Taxonomy serves a critical purpose for cataloguing and conserving biodiversity, but different interpretations and applications of species concepts can affect management decisions. Policy-makers may use the interpretations that justify their preferred values, such as prioritizing livestock more than biodiversity protection. It is therefore imperative that scientists carefully engage in the policy decision-making process. Scientists must work with policy-makers to convey the multiple dimensions and values that can affect species delineation and make clear the potential consequences of applying such classifications.

  1.  J.Clutton-Brocketal.,Bull.Br.Mus.Nat.Hist.Zool. 29,117 (1976).
  2. Z.Fanetal.,Gen.Res.26,163(2016).
  3. F.E.Zachos, Mammal Rev.10.1111/mam.12121(2018).
  4. Department of the Environment and Energy, Australian Government, “Environment Protection and Biodiversity Conservation Act 1999 (EPBC Act)” (1999);
  5. K.M.Cairns, A.N.Wilton, Genetica 144,553(2016).
  6. S.M.Jackson et al., Zootaxa 4317,201(2017).
  7. M.Bamford, “Dingoes to remain classified as non-native wild dogs under reform to Western Australian law,” ABC News (2018);
  8. M.Letnic et al., Biol.Rev. 87,390(2012).

Ritchie EG, Smith BP, van Eeden LM, Nimmo DG (2018) Species definitions shape policy, Science PDF DOI

Expanding the role of targets in conservation policy

Authors: Tim S Doherty, Lucie M Bland Brett A Bryan, Timothy Neale, Emily Nicholson, Euan G Ritchie, and Don A Driscoll

Published in: Trends in Ecology & Evolution

Conservation targets perform beneficial auxiliary functions that are rarely acknowledged, including raising awareness, building partnerships, promoting investment, and developing new knowledge. Building on these auxiliary functions could enable more rapid progress towards current targets and inform the design of future targets.

Doherty TS, Bland LM, Bryan BA, Neale T, Nicholson E, Ritchie EG, Driscoll DA (2018) Expanding the Role of Targets in Conservation Policy, Trends in Ecology & Evolution, PDF DOI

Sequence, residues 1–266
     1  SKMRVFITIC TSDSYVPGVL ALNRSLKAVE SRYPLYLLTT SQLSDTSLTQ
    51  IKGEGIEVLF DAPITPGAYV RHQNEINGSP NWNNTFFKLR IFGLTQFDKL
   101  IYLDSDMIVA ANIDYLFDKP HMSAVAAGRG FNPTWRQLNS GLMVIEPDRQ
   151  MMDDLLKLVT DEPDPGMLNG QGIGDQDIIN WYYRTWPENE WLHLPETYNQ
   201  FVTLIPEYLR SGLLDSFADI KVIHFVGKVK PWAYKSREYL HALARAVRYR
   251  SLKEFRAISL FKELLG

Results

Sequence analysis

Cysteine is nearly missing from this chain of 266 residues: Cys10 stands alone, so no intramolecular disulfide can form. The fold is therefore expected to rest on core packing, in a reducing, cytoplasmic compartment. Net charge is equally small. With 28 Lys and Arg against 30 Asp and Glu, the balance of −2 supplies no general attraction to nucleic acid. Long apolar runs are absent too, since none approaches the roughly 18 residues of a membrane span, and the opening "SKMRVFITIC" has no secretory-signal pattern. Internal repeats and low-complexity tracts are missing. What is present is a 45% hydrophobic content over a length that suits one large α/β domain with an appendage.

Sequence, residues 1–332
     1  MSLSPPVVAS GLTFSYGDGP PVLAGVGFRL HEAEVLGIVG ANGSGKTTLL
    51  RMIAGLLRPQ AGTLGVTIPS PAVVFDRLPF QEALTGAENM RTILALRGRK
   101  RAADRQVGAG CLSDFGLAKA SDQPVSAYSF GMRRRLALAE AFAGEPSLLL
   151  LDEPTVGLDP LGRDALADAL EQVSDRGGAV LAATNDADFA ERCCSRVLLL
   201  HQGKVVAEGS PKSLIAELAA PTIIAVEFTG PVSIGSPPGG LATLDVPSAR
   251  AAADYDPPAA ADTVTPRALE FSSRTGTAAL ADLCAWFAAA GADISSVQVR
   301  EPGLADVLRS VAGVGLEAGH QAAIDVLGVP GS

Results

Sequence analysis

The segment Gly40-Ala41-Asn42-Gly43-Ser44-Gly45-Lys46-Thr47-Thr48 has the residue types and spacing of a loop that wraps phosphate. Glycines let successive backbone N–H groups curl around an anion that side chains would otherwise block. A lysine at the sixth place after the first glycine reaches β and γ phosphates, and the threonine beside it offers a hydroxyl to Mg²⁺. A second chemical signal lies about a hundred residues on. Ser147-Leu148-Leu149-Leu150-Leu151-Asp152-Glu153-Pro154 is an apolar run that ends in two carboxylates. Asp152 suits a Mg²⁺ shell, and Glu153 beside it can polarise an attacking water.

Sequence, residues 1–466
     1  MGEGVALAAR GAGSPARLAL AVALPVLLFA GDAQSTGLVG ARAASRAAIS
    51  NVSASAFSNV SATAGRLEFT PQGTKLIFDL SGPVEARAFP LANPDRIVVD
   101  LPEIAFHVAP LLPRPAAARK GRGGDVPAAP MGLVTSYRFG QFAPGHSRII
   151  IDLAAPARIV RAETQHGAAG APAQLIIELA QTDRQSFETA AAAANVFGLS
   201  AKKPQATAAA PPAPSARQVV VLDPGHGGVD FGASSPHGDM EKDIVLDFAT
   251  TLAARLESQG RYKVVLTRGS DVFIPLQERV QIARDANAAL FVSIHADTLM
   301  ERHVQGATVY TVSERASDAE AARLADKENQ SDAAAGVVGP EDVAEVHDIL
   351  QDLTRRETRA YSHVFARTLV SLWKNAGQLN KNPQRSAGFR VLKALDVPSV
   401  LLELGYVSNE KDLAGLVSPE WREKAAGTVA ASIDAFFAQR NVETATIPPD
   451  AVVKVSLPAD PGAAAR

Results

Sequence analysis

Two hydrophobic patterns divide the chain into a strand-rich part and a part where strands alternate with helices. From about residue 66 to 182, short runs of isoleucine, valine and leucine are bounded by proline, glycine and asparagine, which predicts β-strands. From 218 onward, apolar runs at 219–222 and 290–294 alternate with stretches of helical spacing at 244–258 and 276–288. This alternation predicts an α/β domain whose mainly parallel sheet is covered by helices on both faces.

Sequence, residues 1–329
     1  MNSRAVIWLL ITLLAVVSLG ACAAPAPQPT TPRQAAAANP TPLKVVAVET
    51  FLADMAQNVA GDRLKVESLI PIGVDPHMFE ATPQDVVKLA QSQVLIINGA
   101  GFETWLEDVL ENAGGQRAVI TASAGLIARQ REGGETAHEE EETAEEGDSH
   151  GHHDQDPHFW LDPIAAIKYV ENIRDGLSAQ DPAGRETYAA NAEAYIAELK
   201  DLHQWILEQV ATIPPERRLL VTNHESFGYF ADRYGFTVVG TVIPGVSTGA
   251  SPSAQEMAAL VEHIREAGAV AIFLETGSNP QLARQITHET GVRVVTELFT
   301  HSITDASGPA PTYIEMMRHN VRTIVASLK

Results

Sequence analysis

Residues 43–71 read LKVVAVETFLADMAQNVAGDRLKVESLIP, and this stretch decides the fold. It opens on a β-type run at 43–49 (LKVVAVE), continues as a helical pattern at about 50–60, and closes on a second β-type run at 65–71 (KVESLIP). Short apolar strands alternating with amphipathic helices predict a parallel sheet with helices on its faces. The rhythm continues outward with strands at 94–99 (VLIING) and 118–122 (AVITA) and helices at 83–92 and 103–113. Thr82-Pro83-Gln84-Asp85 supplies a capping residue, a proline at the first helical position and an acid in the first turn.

Carnivore conservation needs evidence-based livestock protection

Authors: Lily M van Eeden, Ann Eklund, Jennifer R B Miller, José Vicente López-Bao, Guillaume Chapron, Mikael R Cejtin, Mathew S Crowther, Christopher R Dickman, Jens Frank, Miha Krofel, David W Macdonald, Jeannine McManus, Tara K Meyer, Arthur D Middleton, Thomas M Newsome, William J Ripple, Euan G Ritchie, Oswald J Schmitz, Kelly J Stoner, Mahdieh Tourani, Adrian Treves

Published in: PloS Biology


Carnivore predation on livestock often leads people to retaliate. Persecution by humans has contributed strongly to global endangerment of carnivores. Preventing livestock losses would help to achieve three goals common to many human societies: preserve nature, protect animal welfare, and safeguard human livelihoods.

Between 2016 and 2018, four independent reviews evaluated >40 years of research on lethal and nonlethal interventions for reducing predation on livestock. From 114 studies, we find a striking conclusion: scarce quantitative comparisons of interventions and scarce comparisons against experimental controls preclude strong inference about the effectiveness of methods.

For wise investment of public resources in protecting livestock and carnivores, evidence of effectiveness should be a prerequisite to policy making or large-scale funding of any method or, at a minimum, should be measured during implementation.

An appropriate evidence base is needed, and we recommend a coalition of scientists and managers be formed to establish and encourage use of consistent standards in future experimental evaluations.

van Eeden LM, Eklund A, Miller JRB, López-Bao JV, Chapron G, Cejtin MR, Crowther MS, Dickman CR, Frank J, Krofel M, Macdonald DW, McManus J, Meyer TK, Middleton AD, Newsome TM, Ripple WJ, Ritchie EG, Schmitz OJ, Stoner KJ, Tourani M, Treveset A (2018) Carnivore conservation needs evidence-based livestock protection, PLOS Biology PDF DOI 

The Conversation: A numbers game: killing rabbits to conserve native mammals

Controlling rabbit populations has a key role in conserving Australia’s native plants and animals

By Euan Ritchie (Deakin University), Damien Fordham (University of Adelaide), and Miguel Lurgi, (Centre national de la recherche scientifique)

This article was originally published on The Conversation. Read the original article.

Invasive species have a devastating effect on biodiversity. In Australia, introduced red foxes and feral cats have been implicated in the majority of the extinctions of the native mammal fauna, which has been decimated since European arrival.

But there’s a herbivore that also causes eco-catastrophe. Rabbits both compete with native animals for food and shelter and act as easy prey for abundant populations of cats and foxes. By over-grazing vegetation and reducing habitat complexity, they make hunting easier for introduced predators.